Rose-Cardamom Sago Gula Melaka

Lest we forget what this Royal Selangor Jellyriffic Challenge is all about…

rose cardamom sago gula melaka

The whole point about this challenge to create 30 different uses for the Royal Selangor Jelly Mould is to raise awareness about breast cancer. Sure, we’ve been having fun making jellies, panna cottas, terrines, steamed cakes and musubi. We want to celebrate life, laughter and humor with our creations.

But we must remember that breast cancer is not something to play around with. As Annie herself learned with her breast cancer scare, if you feel a lump, go get it checked out right away. Over 4000 Malaysian women will be diagnosed with breast cancer this year, and many will die from this terrible disease.

So today’s creation, a Sago Gula Melaka, is intentionally colored rose pink to highlight again the importance of breast health maintenance and getting regular mammograms when appropriate.

Our Own Version

We’ve been wanting to post a sago gula melaka dessert for some time, even before the challenge came to us. It’s one of the more popular desserts here in Malaysia. A few of the other bloggers in this challenge have done their versions, of course.

Our version isn’t just colored differently, though. We also infuse the boiling water with cardamom and rose syrup. We normally use cardamom to spice up our Chicken Pho and also Indian dishes like briyani rice, rogan josh and kurma (all of which we haven’t blogged yet). It’s such a sweet, fragrant spice. So Annie thought that it might be nice to flavor the sago with it.

We also had some rose syrup and pink oil from our Sirap Selasih Konnyaku jelly recipe so we added a little of that to the boiling liquid as well.

Ingredients for Rose Cardamom Sago Gula Melaka

I started off by steeping 4 cups of water with a teaspoon of cardamom seeds for about 15 minutes over a medium-low fire. Then I added about half a teaspoon of rose syrup and just a drop of pink coloring to the liquid and stirred that in. I next strained out the cardamom seeds from the liquid.

In the meantime, I soaked and rinsed a half-cup of sago pearls in water, drained them, and then added them to the strained steeping liquid. I cooked that over a low fire until the pearls became translucent. Then I drained the pearls into a sieve and spooned the pearls into one of the jelly moulds that I had sprayed with non-stick spray. The jelly mould went into the fridge to set overnight.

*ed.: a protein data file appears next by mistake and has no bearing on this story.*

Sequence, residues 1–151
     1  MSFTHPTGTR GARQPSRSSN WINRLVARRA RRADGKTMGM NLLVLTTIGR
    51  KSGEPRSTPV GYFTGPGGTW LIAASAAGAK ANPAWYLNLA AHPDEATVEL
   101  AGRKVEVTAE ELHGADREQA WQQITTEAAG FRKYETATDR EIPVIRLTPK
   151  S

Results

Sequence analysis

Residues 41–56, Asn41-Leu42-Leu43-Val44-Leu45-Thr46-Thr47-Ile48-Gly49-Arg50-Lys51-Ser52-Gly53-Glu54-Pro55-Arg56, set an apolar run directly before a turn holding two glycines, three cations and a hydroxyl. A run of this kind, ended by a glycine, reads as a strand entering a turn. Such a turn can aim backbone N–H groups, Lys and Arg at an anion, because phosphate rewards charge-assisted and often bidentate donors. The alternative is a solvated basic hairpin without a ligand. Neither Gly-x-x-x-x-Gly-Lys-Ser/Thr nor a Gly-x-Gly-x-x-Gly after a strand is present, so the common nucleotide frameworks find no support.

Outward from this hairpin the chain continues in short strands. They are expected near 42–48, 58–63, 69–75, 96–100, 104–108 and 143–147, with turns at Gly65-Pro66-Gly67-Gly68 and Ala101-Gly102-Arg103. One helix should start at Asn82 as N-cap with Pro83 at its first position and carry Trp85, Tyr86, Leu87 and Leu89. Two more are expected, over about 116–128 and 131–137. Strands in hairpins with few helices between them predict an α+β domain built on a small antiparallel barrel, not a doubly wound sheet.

Making Rose Cardamom Sago Gula Melaka

Dressing the Sago

The next day all I had to do was make the coconut milk and the gula melaka syrup. The coconut milk came in the form of a packet of santan powder. Just mix a little powder with hot water and stir until the powder is incorporated. Fresh coconut cream would have been better, but sometimes you have to use these packets.

cocolin coconut powder

For the gula melaka syrup I chopped up a couple tablespoonfuls of gula melaka in to fine pieces, then added that to a pot with a couple tablespoons of water. I got the kids to stir the gula around over a low fire until the syrup became thick enough. Eventually, it thickened into just the right consistency.

I inverted the cone onto the plate, and the sago came right out without any effort. Then I dressed it with the coconut milk and the gula melaka syrup.

rose-cardamom sago gula melaka

This was really nice! It tasted different because of the cardamom and the rose, but in a good way. There wasn’t enough of this dessert to go around, as everyone clamored for one more bite.

Next thing you know – all gone.

Aloha, Nate

Please support Breast Cancer Awareness by purchasing a Royal Selangor Jelly Mould. Proceeds from the sale will go toward supporting the Breast Cancer Welfare Association You will get a chance to win an Olympus camera, plus a chance to vote for your favorite blogger!

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4 Comments Post a Comment
  1. Winston says:

    Yum! A whole mountain of sago, swimming in a pool of coconut milk — I’m IN! Nice one, Annie & Nate =)

  2. babe_kl says:

    Oh I’ve always made plain sago, never thot of using flavourings :p

  3. Fahad Khan says:

    “We normally use cardamom to spice up our Chicken Pho and also Indian dishes like briyani rice, rogan josh and kurma..” It is so interesting to learn that you make Indian dishes as well!:-)
    I absolutely love sago!My mother makes it very simply by soaking it,then boiling it in milk and adding sugar to taste.This can then be eaten hot or cold(I prefer cold).Tastes delicious!
    I am a fan of rose flavored desserts,believe I should be making this,and am sure will turn out great!:-) Bookmarking!

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My Photo Annie is mistress of the kitchen while Nate is the master of the grill and smoker. We cook the homestyle Asian and Hawaiian foods of our younger days while also exploring the wider worlds of Western foods.

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